A new method can produce a hundredfold increase in light emissions from a type of electron-photon coupling, which is key to electron microscopes and other technologies.
In a significant advance for impactful technologies such as quantum optics and laser displays for AR/VR, Columbia Engineering’s Lipson Nanophotonics Group has invented the first tunable and narrow linewidth chip-scale lasers for visible wavelengths shorter than red.
Scientists at EPFL have overcome the scaling challenges of quantum optomechanical systems and realized the first superconducting circuit optomechanical graphene lattice.
Due to the ever-increasing growth of our data consumption, researchers are looking for faster, more efficient, and more energy-conscious data storage techniques. TU/e researcher Youri van Hees uses ultrashort light pulses that enable him to write information. This way, he combines the advantages of both light and magnetic storage.
New technique could diminish errors that hamper the performance of super-fast analog optical neural networks.
Halide perovskites are a relatively new group of materials that are used in solar cells, diodes, scintillators, and other devices. One of their main advantages is their availability and ease of production.
A new method uses optics to accelerate machine-learning computations on smart speakers and other low-power connected devices.
Carbon nanodots are a new trend in science, now used in smart packaging, warranty tags and with potential applications in diagnostics and tumor visualization. However, in order to be used in biomedicine, carbon nanodots have to be made visible through the human skin.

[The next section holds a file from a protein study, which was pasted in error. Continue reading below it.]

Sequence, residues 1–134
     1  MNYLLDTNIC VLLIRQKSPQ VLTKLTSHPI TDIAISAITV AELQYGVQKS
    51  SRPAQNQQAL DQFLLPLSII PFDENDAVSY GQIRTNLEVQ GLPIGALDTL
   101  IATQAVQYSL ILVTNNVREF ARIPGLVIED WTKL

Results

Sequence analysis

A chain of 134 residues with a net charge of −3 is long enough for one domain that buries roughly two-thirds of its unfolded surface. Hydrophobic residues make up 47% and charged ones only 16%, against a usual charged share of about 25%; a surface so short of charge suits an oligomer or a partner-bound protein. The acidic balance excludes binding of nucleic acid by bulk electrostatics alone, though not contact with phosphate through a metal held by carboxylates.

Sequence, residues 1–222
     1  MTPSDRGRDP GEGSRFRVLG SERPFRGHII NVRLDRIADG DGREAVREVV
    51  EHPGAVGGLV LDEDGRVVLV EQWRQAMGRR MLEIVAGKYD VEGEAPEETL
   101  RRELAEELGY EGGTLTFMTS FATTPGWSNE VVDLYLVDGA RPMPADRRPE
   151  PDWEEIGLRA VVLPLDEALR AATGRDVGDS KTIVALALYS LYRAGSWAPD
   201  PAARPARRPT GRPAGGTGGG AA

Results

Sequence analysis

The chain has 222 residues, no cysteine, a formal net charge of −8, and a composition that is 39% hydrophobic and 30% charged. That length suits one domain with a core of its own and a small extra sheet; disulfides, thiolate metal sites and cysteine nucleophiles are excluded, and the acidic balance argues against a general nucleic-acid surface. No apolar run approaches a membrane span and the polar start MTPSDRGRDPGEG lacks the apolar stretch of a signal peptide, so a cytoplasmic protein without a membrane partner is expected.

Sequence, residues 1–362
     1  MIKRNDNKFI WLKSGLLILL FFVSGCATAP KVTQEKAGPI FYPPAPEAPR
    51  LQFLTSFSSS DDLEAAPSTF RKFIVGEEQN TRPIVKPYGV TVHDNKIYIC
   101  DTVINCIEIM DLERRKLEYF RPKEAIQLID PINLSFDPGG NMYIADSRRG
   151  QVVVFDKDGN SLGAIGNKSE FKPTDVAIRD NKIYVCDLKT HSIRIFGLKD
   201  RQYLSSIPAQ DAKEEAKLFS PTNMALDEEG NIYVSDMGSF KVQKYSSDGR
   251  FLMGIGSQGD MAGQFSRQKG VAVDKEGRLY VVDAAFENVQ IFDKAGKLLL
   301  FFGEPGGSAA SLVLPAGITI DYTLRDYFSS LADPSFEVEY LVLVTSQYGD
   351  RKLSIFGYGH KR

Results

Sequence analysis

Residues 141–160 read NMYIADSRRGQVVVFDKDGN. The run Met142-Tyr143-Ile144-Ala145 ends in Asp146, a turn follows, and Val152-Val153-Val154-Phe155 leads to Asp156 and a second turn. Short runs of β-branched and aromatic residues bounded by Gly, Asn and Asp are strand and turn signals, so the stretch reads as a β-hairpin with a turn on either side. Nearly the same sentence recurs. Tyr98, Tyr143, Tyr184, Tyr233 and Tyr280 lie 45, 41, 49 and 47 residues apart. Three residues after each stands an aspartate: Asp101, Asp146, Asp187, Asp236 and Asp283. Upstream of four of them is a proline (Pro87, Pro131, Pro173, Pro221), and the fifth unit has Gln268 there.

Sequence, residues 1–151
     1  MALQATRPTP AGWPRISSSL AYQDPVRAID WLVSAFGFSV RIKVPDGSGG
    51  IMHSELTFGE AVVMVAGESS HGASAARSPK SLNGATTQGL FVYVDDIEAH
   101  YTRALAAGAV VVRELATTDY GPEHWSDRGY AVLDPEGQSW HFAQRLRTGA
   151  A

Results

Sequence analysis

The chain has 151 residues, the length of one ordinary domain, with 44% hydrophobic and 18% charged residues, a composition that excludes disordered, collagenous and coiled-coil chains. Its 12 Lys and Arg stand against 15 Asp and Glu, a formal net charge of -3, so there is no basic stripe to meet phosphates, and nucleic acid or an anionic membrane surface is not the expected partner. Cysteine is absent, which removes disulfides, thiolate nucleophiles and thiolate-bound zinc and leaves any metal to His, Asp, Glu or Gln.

Researchers from the Cluster of Excellence "3D Matter Made to Order" Print Microstructures by Crossing Red and Blue Laser Beams - Publication in Nature Photonics
The team of ITMO University’s frontier laboratory Probing Fundamental Physics with Topological Metamaterials have proposed a new method of engineering photonic topological structures.
The start-up QuiX Quantum will develop prototype photonic quantum computers over the next four years.
A new nanophotonic material has broken records for high-temperature stability, potentially ushering in more efficient electricity production and opening a variety of new possibilities in the control and conversion of thermal radiation.
The technique opens a door to manufacturing of pressure-monitoring bandages, shade-shifting fabrics, or touch-sensing robots.
Device opens the door to applications in optical communications, sensing, and the search for exoplanets